Agent to Peers: Don’t Let Fear Keep You From Charging Fees

by Marilee Crocker

Trish Gastineau, CTC, remembers well the day in the mid-1990s when the agents at her former travel agency were told they had to start charging service fees. “We were just trembling. We were terrified,” recalls Gastineau, who today is owner of Simply Europe Travel, a Virtuoso agency in Montgomery, Ala.

Fast forward 20 years and fees are still a hot button topic, one that can inspire fear in the uninitiated. “Fees are really scary to a lot of people. We as an industry have a hang-up about service fees and professional fees,” says Gastineau, who is an occasional speaker on the topic.

Travel Market Report asked Gastineau to share her views and advice on fees.

Why should agents charge for their services?
Gastineau: First of all, if we are going to be professionals and not hobbyists we need to run our business as a business. This is not you trying to be greedy. This is about you trying to run a profitable business.

You will take yourself and your business so much more seriously if you’re charging a service fee. It’s going to help you pay more attention to your numbers.

I was astounded by the amount of profit it added to my bottom line. Having the positive cash flow helped me reinvest in my business. And it made paying the monthly bills easier.

Finally they need to be charging because they really are worth it.

How did you set your prices when you started charging fees?
Gastineau: I always had a commission number in my brain and said that if I made XYZ in commissions on a total package then that was a good sell for me. So that went into how long does it take me to do an FIT, and if they walked away [without booking] would I make that number I had in my head? I used that as part of my indicator of what I was going to charge.

What are your fees today?
Gastineau: For air tickets, I charge $150 for international and $75 for domestic. If I’m doing something else in conjunction, I give a little bit of a discount. For customized FITs, my planning fee starts at $250 per person for trips up to 14 days. For 14 to 21 days, I add an additional $250 total, not per person. I charge a $75 per person professional consulting fee to manage cruises and escorted tours.

What percentage of your revenues do fees bring in?
Gastineau: 26%.

How do you talk to first-time customers about fees?
Gastineau: Before I work with a client, I do a complimentary 30-minute consultation. Then, if I feel like it’s going to be a win-win for us to work together, I’ll say, ‘Let me tell you about the way I work.’ I tell them some of the things I’ll be doing for them. Then I say, ‘If you’d like to move forward, I will take a professional consulting fee of . . . ’ And then I give them the price.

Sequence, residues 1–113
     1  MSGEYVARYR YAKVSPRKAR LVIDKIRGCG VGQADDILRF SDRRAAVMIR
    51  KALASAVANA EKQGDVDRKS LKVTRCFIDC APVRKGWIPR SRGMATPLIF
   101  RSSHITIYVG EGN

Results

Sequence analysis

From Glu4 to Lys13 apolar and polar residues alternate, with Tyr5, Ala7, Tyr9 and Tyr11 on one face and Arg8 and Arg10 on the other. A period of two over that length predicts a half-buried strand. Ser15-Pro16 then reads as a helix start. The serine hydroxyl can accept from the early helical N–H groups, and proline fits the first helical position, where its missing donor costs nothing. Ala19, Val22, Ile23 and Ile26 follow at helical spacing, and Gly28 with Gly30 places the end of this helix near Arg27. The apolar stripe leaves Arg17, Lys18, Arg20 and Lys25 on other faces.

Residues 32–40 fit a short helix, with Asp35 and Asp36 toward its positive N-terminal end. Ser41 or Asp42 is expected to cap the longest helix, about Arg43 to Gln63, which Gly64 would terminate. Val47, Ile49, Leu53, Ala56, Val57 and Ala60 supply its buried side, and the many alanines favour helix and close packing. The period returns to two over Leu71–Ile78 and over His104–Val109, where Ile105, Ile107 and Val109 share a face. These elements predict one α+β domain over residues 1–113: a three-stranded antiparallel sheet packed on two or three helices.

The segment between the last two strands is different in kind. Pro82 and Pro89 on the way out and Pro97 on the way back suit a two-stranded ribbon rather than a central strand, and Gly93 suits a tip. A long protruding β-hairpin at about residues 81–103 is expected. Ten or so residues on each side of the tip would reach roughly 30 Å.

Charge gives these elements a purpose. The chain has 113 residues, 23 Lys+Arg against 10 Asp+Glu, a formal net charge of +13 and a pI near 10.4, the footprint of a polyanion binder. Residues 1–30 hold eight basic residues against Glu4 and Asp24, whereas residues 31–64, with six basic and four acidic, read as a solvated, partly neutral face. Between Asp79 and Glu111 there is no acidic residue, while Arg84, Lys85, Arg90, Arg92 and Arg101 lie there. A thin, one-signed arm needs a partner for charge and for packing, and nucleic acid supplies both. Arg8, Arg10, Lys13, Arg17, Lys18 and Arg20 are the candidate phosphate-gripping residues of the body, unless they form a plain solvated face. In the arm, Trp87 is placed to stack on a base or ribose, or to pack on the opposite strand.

The fee is based on what they’re looking for, and I adjust it as needed. If it’s something that’s not going to cause a lot of research or work, then maybe it’s on the lower end.

What about current clients? How should agents introduce fees to them?
Gastineau: Prepare them. Send a letter saying: ‘Starting this date we’re going to begin charging XYZ.’ Then tell them, ‘Because you’ve been such a great client, on your next trip we’re going to waive the fee.’

You can start putting the fee on your invoices now, and mark it ‘service fee waived’ to get them used to seeing it.

What does it take to be successful charging fees?
Gastineau: The people that are most successful implementing fees are the people that have a mindset shift about it. They value their time. They know they’re worth it.

They’re’ confident in what they bring to the table. And they’re okay if someone says, ‘No thank you, that’s not for me.’

You will lose some sales if you have a service fee. But that’s okay because that’s weeding out clients that are not your ideal clients.

How do you feel about plan-to-go fees?
Gastineau: I’m not a fan. People will tell clients, ‘We have a plan-to-go fee, and it’s $150 per person, but don’t worry because if you go, it goes toward the balance of your trip, but if you don’t go then it’s nonrefundable and we’re keeping it.’ That is not a fee. That is a deposit.

You’re going through all that emotional anguish to get the fee, but then you don’t get anything from it if they take the trip. So go that extra step and keep it. You deserve it.

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Tip of the Day

As travel advisors, we have to be curious. Curiosity leads to impactful connections that pave our road to success.

Jenn Lee, VP of Sales and Marketing, Travel Planners International

 

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